The Effect of Trigger Foods and How to Avoid Them

The Effect of Trigger Foods and How To Avoid Them

Does the following scenario sound familiar?  

You wake up each morning with every intention of having a “good” eating day.

You skip the drive thru on your way to work and refuse to eat fast food with co-workers at lunch. You boycott the vending machine in the mid-afternoon and you won't even think about having dessert after dinner.  

Then the urge to eat something unhealthy comes over you so strongly that you feel powerless and are left with no choice but to give in.  And not only do you give in, but you go overboard and eat way too much of it.

Then, when it's over, you feel guilty that you set yourself up for further weight gain. You may be good again for another day or two until another irresistible craving comes over you…and on and on the cycle repeats.  

Most of us have certain trigger foods that fuel our cravings and send our diets into a total tailspin. So the plan is to identify your trigger foods and to replace them with whole-food substitutions in order to break the cycle.  

What's a Trigger Food? 

Trigger foods are those that when eaten make you crave and possibly eat more. These foods are generally eaten out of habit, not necessarily hunger. Your trigger food(s) is/(are) something you probably feel addicted to and is likely high-calorie, processed and filled with non-nutritional carbs.   

How To Replace Your Trigger Foods 

When you eliminate a trigger food from your diet, the craving you feel will become weaker and weaker within a week or two. Use the ideas below to replace common trigger foods with healthier, whole food options.  

Trigger Food #1: Candy 
Due to the high concentration of refined sugar, candy is one of the most addictive trigger foods. If candy is a problem for you, start replacing it with unsweetened dried fruit. You'd be surprised how satisfying the natural sweetness of dried fruit can be. Try replacing with a healthy fruit or protein bar.  We like whole-food bars like Larabar, RXBAR, or our variety of Coach Bars from Designs for Health.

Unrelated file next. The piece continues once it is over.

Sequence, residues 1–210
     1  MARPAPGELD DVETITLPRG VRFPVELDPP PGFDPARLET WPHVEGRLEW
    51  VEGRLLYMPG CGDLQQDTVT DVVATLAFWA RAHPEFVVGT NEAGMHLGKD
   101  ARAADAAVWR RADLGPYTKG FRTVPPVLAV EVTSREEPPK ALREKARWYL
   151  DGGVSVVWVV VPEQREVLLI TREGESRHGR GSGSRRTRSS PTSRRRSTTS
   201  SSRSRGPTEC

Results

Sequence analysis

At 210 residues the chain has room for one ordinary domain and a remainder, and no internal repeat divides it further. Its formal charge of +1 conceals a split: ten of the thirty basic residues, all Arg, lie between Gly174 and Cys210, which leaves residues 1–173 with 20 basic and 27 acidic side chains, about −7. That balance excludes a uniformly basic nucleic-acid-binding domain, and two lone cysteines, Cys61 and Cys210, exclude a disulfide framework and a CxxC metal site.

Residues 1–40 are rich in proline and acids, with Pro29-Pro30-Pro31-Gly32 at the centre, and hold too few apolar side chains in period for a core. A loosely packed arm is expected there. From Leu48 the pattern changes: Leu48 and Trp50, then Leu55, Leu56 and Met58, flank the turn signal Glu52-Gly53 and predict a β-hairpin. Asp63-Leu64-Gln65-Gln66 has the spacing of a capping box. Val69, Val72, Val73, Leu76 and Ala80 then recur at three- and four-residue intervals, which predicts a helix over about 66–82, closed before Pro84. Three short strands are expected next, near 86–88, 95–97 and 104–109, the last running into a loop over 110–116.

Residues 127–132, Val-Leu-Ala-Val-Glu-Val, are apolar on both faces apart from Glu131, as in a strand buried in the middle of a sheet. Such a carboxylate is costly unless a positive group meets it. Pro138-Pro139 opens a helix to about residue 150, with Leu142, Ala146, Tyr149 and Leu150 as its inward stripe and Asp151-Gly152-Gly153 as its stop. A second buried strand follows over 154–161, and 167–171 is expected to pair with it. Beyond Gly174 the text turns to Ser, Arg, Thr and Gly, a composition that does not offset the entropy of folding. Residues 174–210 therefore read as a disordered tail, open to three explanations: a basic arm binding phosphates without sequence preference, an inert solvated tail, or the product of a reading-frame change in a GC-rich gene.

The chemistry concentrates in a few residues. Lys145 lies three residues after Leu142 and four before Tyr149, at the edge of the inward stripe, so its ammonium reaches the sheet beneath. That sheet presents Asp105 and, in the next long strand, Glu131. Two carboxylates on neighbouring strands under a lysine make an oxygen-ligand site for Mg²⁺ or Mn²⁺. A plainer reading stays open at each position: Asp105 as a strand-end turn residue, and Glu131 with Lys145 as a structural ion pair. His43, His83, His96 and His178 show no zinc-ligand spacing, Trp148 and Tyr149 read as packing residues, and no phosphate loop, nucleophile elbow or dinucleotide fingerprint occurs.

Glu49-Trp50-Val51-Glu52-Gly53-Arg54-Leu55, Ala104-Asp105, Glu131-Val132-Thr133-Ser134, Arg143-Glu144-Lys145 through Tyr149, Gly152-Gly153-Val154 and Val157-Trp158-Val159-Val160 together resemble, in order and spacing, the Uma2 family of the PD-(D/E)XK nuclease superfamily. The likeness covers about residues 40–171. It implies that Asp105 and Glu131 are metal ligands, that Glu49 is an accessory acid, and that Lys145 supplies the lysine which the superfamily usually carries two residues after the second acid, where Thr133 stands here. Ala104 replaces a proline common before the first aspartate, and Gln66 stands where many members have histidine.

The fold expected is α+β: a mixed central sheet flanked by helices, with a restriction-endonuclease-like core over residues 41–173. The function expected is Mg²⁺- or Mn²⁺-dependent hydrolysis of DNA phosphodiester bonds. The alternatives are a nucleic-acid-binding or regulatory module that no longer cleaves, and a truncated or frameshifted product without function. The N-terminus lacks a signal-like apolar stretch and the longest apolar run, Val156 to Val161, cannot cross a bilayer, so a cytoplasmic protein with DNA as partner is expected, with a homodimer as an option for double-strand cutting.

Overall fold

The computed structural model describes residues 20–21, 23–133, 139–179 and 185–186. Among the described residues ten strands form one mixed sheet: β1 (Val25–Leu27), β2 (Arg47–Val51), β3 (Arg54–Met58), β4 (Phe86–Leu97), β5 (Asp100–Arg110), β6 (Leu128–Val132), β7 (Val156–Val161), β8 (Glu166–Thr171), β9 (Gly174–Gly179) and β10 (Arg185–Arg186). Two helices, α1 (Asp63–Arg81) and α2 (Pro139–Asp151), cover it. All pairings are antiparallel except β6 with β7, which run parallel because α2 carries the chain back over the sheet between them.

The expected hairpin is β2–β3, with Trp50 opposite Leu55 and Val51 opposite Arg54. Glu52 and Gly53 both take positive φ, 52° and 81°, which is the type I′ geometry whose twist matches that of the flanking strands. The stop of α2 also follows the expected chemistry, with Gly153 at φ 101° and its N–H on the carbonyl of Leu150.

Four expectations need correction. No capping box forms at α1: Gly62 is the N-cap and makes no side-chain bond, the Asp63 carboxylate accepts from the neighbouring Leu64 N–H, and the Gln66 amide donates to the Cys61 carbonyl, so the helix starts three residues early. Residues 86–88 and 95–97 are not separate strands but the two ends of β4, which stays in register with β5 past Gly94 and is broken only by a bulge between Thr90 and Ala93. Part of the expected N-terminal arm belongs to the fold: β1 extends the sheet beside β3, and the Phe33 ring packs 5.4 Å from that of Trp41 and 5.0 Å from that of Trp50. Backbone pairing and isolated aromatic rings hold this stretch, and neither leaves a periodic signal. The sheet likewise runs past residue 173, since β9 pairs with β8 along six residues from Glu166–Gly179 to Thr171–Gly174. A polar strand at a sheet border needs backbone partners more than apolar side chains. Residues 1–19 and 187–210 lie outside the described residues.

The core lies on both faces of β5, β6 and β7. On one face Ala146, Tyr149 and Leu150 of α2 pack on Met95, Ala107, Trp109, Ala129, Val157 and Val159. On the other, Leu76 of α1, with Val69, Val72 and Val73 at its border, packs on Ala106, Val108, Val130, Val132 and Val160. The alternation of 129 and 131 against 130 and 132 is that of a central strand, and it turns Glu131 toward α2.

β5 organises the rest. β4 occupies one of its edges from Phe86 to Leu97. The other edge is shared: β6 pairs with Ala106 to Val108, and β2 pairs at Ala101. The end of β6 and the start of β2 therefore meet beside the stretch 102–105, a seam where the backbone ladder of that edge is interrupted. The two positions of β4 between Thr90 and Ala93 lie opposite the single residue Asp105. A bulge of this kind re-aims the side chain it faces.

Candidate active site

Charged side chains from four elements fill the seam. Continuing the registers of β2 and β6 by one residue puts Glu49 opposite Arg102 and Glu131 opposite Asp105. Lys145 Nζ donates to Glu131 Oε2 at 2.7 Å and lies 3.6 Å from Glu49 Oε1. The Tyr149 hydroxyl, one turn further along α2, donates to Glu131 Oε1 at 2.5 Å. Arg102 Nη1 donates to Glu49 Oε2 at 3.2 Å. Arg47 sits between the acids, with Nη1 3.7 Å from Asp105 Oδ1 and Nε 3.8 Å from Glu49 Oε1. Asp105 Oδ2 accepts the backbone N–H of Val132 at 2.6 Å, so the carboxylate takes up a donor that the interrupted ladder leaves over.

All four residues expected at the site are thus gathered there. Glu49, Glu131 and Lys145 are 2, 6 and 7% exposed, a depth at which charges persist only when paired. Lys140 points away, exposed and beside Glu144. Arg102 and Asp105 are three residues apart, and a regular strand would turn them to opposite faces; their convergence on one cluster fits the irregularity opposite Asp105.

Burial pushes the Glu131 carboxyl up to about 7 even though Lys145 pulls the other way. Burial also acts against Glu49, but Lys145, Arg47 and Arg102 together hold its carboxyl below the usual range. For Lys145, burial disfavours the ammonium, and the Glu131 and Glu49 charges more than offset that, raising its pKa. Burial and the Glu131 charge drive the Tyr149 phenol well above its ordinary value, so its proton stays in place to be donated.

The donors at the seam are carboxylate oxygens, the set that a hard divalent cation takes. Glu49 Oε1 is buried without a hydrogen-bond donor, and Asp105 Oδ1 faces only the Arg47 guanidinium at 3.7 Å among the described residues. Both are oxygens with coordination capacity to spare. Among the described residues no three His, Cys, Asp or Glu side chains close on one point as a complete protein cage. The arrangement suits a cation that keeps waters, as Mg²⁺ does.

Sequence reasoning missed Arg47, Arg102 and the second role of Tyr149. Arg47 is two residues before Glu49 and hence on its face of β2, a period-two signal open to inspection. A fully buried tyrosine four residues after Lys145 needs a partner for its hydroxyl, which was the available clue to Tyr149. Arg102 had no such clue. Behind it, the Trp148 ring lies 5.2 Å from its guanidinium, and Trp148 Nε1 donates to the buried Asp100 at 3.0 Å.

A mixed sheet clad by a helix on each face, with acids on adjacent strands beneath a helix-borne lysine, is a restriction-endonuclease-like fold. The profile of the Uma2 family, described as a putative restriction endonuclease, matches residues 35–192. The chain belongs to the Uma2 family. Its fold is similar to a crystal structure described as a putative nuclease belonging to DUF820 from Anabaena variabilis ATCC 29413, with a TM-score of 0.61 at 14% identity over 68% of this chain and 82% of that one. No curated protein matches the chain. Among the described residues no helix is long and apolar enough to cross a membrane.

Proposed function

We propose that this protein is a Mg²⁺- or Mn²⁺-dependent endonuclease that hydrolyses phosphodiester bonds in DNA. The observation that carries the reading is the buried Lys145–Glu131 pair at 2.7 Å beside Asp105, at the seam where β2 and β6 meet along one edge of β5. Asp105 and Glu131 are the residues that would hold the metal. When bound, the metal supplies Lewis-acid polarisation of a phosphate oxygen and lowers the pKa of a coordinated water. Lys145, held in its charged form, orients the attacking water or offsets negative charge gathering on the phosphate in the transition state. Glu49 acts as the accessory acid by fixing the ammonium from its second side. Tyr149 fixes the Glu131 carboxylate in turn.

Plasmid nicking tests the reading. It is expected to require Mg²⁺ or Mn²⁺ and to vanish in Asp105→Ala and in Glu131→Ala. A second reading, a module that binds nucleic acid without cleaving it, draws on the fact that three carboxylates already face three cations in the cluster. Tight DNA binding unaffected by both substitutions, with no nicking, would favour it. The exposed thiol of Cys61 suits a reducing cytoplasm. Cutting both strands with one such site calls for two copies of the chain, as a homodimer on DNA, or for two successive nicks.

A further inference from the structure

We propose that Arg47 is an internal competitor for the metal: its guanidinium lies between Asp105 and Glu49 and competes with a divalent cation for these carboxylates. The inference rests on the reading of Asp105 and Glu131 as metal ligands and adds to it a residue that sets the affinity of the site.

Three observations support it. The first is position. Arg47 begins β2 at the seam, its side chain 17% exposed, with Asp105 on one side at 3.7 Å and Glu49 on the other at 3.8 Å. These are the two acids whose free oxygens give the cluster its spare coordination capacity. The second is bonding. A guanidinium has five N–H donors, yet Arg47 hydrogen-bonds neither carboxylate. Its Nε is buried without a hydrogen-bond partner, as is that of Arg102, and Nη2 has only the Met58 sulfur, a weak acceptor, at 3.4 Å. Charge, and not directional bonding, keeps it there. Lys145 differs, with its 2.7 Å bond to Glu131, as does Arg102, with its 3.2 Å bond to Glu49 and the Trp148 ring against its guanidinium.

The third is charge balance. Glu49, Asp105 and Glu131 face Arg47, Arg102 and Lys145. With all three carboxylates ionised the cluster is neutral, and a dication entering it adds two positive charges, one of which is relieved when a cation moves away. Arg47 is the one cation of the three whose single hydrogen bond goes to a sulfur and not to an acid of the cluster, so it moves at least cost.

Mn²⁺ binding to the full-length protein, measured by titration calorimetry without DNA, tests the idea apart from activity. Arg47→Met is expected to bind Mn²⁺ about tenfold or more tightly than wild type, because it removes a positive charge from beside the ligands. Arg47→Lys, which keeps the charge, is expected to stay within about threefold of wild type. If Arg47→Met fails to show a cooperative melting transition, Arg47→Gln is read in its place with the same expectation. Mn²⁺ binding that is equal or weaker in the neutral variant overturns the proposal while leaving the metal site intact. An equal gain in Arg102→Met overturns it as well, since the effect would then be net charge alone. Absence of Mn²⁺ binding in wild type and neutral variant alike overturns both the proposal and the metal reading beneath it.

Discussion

Trigger Food #2: Salty Snacks 
Salty snacks are nearly all processed, refined and packed with simple carbs. Basically, it's the perfect storm for weight gain. Fight the urge to rip open a bag of chips and instead make a batch of Kale Chips or Sweet Potato Chips and enjoy!

Trigger Food #3: Sweet Drinks 
Sodas made with high fructose corn syrup or coffee drinks made with sweeteners have one thing in common: loads of sugar. If drinks like this are part of your daily life, then you know how addicting they can be. Start replacing high-calorie, high-sugar drinks with zero calorie iced teas. If needed, sweeten with Stevia or fruit slices.  Flavored seltzer waters with lime or orange wedges are another great replacement.  

Trigger Food #4: Fried Foods 
It's common to have a weakness for fried foods. There's something about the texture, taste and fat content of fried foods that send people into an eating frenzy. Try making your own homemade versions of your favorite fried foods by baking and then turning on your oven's high broil. For example, instead of commercially made French fries, cut a sweet potato into fries, toss with olive oil and seasoning, and bake until crispy. (Here's a great recipe for you).  The baked versions of your favorite fried foods have considerably fewer calories and you're less likely to stuff yourself with them.  

Trigger Food #5: Baked Treats 
Cookies, cakes, donuts, muffins and brownies are serious trigger foods. We understand, these are hard to avoid since they are everywhere. Try making your own baked goods at home by finding recipes that use almond flours instead of all-purpose, and stevia instead of sugars. These ingredient substitutions will make your baking lower in carbs, healthier, and less addictive. However, baked goods are still a treat and should be eaten in moderation.

It’s really pretty simple…if you don't eat junk food, you won't crave junk food.  So replace your trigger foods with whole food substitutions and have a “good” day of eating every day. 

Oh, just one more thing.  When you put energy into whole effort exercise, it makes it easier to eat healthy. And when you eat healthy it makes you more likely to exercise.  

It's the ripple effect. When you make positive strides in one area of your life, other areas will soon follow.  

You can get that ripple effect started today with whole effort exercise and whole food nutrition at The Exercise Coach®. Find a location near you and begin the transformation!